Listen to the conversation between author Bruce Holsinger and audiobook narrator Simon Vance by clicking on the player below:
Bruce Holsinger, who teaches medieval literature at the University of Virginia, is the author of A Burnable Book, a debut historical thriller set in Chaucer’s England, out now from HarperCollins/William Morrow. The audiobook is narrated by Simon Vance. Neil Gaiman has called Vance "the gold standard of narrators," while Hilary Mantel writes of his recording of Bring Up the Bodies, "As if by telepathy, he has preserved the rhythm of the text as I heard it when I wrote it." In this conversation, the novelist invites his narrator to discuss sound, voice, and sense in historical fiction, as well as the unique role of audiobooks in bringing fiction to life.
Bruce Holsinger: Simon, you’ve recorded audiobooks for some of the world’s most admired and influential authorial voices across genres and modes: Hilary Mantel, Amitav Ghosh, Anne Rice, Roberto Bolaño. And you’ve also brought literary history to audible life through your recordings of Trollope, Dostoyevsky, Dickens, Bram Stoker, and the list goes on. Listening to your recording of my novel, A Burnable Book, has been a truly transformative experience for me. I only wish I’d been able to hear the story in your voice before submitting a final draft of the book, as your reading helped me hear and see things I hadn’t noticed before and might have decided to push in different directions. But what has your own experience as a narrator taught you about literature? Are there things we can get out of an audiobook that we can’t experience through silent reading?
Simon Vance: There is still a divide between those who think audiobooks are “cheating” and those who swear by them—but I think the distance between those factions is narrowing. I have total respect for people who enjoy the feel of the book (or tablet!) in their hands and the ability to interpret the author’s words in their own way. But I also think it’s possible to view the audiobook as an artistic endeavor in its own right. Many people read to themselves so fast—sometimes scanning the page in apparent moments of not-much-going-on to get to the next bit of action—that the audiobook listening experience can actually be richer for the way it forces one to listen to the book at a narrator’s pace. I have been told so many times by people who have read a book and then listened to my narration of it that they find so many levels they hadn’t realized were there. There is also the need to understand the written text, and here an “educated” narrator can help enormously: I think there’s a large population of people with little time for the sentence structure and archaic grammatical styles used in, say, Trollope. When the work of clarifying the meaning is already done by the narrator, these reader-listeners find a whole new level of enjoyment in those texts.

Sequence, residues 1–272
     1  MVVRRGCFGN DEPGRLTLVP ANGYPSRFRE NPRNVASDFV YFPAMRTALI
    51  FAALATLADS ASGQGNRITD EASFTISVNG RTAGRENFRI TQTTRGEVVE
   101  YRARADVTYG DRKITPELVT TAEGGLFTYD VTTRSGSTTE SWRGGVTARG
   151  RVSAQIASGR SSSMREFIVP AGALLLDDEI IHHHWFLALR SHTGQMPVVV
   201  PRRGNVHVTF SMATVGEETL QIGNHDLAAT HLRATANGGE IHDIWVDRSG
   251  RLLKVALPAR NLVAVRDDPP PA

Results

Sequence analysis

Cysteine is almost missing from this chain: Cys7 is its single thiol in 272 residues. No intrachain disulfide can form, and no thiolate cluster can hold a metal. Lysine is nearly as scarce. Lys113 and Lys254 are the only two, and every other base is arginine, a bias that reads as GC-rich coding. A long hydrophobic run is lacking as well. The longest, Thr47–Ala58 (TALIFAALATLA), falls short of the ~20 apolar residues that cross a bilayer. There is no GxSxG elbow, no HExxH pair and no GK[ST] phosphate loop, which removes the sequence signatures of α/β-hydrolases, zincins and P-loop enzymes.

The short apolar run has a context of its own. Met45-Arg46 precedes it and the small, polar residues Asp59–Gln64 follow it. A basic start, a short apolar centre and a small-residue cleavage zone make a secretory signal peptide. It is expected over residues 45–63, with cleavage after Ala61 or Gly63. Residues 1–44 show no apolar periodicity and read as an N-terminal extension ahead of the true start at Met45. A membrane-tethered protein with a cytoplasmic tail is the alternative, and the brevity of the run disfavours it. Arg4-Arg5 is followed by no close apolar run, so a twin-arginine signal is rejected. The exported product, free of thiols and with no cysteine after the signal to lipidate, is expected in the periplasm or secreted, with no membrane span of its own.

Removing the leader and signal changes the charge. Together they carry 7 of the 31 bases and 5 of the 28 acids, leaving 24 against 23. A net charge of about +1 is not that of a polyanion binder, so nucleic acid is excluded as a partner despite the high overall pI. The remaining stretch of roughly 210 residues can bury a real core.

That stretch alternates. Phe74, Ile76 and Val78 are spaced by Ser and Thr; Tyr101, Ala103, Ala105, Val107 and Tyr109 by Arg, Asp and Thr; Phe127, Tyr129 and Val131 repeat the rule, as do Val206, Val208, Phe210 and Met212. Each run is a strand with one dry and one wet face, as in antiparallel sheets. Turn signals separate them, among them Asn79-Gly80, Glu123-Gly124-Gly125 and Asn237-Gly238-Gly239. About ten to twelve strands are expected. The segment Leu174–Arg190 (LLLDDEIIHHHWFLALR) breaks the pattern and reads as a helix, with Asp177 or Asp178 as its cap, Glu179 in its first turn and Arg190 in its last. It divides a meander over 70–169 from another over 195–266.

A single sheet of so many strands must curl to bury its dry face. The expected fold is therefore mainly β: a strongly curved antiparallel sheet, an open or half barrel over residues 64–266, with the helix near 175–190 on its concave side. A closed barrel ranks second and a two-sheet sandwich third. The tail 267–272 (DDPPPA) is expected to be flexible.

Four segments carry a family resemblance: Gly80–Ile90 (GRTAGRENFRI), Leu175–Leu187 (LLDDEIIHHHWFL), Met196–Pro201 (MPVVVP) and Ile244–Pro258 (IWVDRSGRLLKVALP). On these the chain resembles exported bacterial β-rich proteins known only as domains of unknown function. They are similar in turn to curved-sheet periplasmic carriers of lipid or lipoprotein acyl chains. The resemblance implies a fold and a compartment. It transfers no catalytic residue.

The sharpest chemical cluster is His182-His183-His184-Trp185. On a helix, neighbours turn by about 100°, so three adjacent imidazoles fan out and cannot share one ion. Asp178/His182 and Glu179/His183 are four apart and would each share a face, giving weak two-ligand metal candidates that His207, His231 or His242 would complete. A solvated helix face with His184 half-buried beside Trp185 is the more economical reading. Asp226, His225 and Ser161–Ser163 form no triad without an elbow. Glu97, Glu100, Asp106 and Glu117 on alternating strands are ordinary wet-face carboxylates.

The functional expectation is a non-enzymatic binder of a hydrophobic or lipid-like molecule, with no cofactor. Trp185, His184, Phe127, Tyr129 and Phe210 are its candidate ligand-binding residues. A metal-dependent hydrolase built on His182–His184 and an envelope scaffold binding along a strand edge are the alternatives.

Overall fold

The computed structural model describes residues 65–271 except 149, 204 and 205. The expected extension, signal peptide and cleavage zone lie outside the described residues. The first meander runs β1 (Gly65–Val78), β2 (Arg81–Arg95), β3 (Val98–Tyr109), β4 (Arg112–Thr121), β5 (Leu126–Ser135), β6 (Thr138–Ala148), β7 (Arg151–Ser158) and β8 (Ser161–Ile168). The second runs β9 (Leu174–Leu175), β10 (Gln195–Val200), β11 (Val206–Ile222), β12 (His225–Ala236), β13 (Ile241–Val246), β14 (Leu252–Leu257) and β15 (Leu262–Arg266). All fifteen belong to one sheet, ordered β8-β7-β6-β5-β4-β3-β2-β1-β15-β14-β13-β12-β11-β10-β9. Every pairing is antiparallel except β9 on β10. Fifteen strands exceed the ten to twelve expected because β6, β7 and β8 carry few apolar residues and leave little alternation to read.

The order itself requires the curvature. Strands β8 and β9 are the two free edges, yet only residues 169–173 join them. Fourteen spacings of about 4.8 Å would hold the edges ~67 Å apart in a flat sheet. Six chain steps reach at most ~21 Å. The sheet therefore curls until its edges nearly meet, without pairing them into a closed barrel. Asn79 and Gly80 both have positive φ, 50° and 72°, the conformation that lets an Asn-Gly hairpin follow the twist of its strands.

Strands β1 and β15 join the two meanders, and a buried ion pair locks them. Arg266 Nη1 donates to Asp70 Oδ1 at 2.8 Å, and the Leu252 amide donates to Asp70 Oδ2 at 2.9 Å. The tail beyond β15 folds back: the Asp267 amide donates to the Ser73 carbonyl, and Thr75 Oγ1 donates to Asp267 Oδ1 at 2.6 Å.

Holsinger: I imagine historical fiction represents a particular challenge in your line of work. Do you ever develop what you think of as a “period voice”? When narrating Bring Up the Bodies, for example, was there a Reformation voice you tried to invent? Or is voice more determined by the idiosyncrasies of character?